Broadcasting is building relationship with our audience. They may or may not be expecting our bias depending upon our specific journalism but regardless, we cannot do away with the importance of relating with them to sustain their attention and even action and participation in response to our broadcast.
    Researching to substantiate our content and relating to our target audience are essential to become relevant and effective in broadcasting.
    Eric C. Maliwat is an inspirational journalist, resilience coach and speaker, author and broadcaster. For coaching enquiries, email : This email address is being protected from spambots. You need JavaScript enabled to view it.

  • MAGING UBAS, HUWAG PASAS by Eric C. Maliwat




    PART 1


    Being a communicator has been for me a vocation. For more than twenty years now, radio broadcasting (plus other media on the side) has remained to be so exciting that even though information technology rapidly changed “as we sleep”, and traditional radio has evolved to non-traditional audio transmissions, I still share my time, talent and treasure to broadcasting. Regardless of the ever-changing media, the practice is here to stay anyhow. So, in a series, I am sharing to you some of the things I learned and practiced as a broadcast executive on national radio, as broadcasting (or even narrowcasting) has been made easy by social media.

    The overall intent is for our message to be RELEVANT.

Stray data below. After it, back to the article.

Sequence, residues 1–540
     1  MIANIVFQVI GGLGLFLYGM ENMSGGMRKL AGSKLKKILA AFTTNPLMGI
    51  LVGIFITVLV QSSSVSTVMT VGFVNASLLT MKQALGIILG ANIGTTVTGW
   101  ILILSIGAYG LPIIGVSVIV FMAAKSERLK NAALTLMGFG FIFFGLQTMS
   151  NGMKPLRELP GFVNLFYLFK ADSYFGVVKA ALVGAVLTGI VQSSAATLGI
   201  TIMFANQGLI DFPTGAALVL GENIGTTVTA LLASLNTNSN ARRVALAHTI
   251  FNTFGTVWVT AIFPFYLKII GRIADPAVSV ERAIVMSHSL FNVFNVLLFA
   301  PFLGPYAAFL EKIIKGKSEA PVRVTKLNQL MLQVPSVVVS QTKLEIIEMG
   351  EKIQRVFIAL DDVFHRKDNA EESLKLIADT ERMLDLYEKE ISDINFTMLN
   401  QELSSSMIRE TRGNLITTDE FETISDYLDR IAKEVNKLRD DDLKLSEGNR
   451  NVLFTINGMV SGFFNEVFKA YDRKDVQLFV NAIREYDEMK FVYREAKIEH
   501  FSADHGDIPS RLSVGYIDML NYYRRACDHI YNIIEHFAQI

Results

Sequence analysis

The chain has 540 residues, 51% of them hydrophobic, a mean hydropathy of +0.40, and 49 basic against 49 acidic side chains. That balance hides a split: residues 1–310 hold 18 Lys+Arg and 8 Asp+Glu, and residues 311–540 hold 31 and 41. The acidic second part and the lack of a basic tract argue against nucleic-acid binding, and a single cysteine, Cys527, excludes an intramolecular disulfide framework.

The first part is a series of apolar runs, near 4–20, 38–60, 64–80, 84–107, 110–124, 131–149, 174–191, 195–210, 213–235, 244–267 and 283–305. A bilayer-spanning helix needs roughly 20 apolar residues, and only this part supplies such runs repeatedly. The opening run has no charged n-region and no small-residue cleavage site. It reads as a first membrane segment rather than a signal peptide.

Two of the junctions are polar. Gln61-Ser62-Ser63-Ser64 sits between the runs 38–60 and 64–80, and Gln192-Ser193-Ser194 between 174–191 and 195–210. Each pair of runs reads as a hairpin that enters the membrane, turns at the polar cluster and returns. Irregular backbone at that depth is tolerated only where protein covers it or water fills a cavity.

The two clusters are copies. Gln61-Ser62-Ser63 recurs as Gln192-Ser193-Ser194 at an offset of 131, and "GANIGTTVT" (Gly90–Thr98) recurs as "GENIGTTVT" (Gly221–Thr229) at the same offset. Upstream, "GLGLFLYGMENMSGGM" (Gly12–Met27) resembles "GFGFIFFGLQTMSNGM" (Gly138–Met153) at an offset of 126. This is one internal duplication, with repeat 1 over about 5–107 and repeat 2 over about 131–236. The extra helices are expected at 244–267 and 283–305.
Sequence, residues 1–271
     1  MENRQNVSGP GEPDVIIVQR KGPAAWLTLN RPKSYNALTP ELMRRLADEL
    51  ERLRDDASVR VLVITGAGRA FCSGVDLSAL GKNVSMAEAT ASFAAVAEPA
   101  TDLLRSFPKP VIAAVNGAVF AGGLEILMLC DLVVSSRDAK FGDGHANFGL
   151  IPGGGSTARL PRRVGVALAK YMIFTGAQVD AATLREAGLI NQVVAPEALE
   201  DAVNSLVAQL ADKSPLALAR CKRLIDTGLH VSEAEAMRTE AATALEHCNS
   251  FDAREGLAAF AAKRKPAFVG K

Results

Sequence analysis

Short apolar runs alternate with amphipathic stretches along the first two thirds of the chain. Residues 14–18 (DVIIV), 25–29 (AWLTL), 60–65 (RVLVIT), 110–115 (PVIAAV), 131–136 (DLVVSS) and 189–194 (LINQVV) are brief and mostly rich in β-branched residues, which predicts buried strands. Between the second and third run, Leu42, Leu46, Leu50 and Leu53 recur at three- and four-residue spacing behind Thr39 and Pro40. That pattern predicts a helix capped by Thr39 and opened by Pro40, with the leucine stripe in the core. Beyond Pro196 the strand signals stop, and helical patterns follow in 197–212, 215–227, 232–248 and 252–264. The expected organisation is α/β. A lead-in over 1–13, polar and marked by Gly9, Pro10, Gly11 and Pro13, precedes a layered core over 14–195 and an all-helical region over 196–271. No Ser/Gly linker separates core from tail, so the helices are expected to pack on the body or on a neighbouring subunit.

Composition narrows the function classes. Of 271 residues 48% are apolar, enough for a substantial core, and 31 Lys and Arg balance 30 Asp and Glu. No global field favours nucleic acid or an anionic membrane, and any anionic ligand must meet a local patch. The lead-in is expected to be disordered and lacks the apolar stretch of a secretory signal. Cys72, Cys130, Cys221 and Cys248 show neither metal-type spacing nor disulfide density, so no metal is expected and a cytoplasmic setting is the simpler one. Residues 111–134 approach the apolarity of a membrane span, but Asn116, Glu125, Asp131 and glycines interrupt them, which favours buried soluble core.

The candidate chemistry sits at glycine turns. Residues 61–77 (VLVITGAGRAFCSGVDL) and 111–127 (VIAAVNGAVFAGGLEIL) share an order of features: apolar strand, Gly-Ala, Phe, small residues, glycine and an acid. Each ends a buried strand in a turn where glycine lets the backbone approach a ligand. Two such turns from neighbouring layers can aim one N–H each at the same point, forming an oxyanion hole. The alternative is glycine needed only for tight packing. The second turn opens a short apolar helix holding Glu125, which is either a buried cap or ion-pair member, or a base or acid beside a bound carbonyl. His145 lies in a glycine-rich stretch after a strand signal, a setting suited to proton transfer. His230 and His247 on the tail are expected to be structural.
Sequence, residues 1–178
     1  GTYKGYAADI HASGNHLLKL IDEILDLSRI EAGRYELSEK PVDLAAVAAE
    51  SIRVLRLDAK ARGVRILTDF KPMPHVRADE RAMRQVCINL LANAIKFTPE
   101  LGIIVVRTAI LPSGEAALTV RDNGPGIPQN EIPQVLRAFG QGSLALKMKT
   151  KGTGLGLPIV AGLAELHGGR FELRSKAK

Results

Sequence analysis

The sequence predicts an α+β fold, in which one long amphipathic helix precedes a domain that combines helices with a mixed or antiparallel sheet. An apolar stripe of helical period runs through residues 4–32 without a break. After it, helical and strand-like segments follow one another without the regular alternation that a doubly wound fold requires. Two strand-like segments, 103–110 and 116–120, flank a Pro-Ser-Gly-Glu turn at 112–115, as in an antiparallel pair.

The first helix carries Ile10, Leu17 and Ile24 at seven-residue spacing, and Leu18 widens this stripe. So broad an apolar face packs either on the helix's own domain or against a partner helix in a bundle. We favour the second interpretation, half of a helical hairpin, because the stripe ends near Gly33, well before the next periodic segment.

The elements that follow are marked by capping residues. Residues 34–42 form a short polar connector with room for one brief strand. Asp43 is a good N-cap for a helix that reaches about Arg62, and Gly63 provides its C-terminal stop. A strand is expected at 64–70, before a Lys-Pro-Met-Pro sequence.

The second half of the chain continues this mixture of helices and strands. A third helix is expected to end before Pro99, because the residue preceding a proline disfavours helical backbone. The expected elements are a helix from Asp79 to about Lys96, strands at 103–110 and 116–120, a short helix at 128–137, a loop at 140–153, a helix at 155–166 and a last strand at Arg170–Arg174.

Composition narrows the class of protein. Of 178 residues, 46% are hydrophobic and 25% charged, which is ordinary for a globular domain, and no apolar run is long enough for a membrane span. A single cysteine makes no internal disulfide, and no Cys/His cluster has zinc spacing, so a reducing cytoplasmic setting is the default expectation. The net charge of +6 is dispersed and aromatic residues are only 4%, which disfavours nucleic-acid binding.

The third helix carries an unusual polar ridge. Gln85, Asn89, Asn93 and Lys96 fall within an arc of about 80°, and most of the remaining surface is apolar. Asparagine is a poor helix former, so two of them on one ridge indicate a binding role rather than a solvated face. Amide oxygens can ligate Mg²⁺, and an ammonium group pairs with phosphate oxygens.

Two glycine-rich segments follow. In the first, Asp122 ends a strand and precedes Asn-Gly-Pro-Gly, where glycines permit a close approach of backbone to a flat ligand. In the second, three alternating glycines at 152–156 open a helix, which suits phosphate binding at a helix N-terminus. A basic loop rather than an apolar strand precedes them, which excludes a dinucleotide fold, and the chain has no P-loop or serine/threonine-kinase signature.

To achieve this, we need -


    Whether it is news or talk or documentary or music or theatre format that you are producing or presenting, research for content is necessary. Credible resources put value in our output as broadcasters. We cannot underestimate the importance of accurate information and we owe it to our publics to be correct. This does not mean though that we just read the item out of our reference material to be safe. Our medium (visual or auditory) affects our choice and manner of communicating pieces of information and ideas. Traditionally, radio broadcasters need to be more descriptive, avoiding long gaps that cause “dead-air” that is why we train ourselves to fill the gaps with “ad-libs” that make sense. Of course, there are music beds, stingers, and sound effects that can be equally important depending on our program format. TV presenters are aided by visuals that go along with their words that communicate. These include the host or presenter’s clothes, body movements, facial expressions to the set and props on the background and the graphic designs. We adjust our researched contents to the language of our audience in a way that blend with the manner of our communication.

    All these elements need research if we want our content to be effective in communicating our message to our target audience. And just like a good research paper, credibility results from accurate referencing, too!

    Some more tips for your consideration next time!


    Eric C. Maliwat is a professional public speaker, author and broadcaster. Bookings welcome. Email : This email address is being protected from spambots. You need JavaScript enabled to view it.



Login to post comments